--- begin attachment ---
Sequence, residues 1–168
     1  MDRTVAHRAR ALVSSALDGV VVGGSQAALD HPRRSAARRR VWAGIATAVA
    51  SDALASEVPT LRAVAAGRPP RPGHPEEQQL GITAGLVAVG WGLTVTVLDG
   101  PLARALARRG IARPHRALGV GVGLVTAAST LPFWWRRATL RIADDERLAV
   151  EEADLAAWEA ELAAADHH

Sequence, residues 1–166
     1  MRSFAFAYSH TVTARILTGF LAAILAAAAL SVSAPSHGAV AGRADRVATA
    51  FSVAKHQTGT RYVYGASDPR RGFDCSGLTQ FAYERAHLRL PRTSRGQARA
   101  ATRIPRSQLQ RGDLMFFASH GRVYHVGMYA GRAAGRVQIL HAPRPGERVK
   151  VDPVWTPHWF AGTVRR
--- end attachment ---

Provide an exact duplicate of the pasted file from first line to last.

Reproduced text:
Sequence, residues 1–168
     1  MDRTVAHRAR ALVSSALDGV VVGGSQAALD HPRRSAARRR VWAGIATAVA
    51  SDALASEVPT LRAVAAGRPP RPGHPEEQQL GITAGLVAVG WGLTVTVLDG
   101  PLARALARRG IARPHRALGV GVGLVTAAST LPFWWRRATL RIADDERLAV
   151  EEADLAAWEA ELAAADHH

Sequence, residues 1–166
     1  MRSFAFAYSH TVTARILTGF LAAILAAAAL SVSAPSHGAV AGRADRVATA
    51  FSVAKHQTGT RYVYGASDPR RGFDCSGLTQ FAYERAHLRL PRTSRGQARA
   101  ATRIPRSQLQ RGDLMFFASH GRVYHVGMYA GRAAGRVQIL HAPRPGERVK
   151  VDPVWTPHWF AGTVRR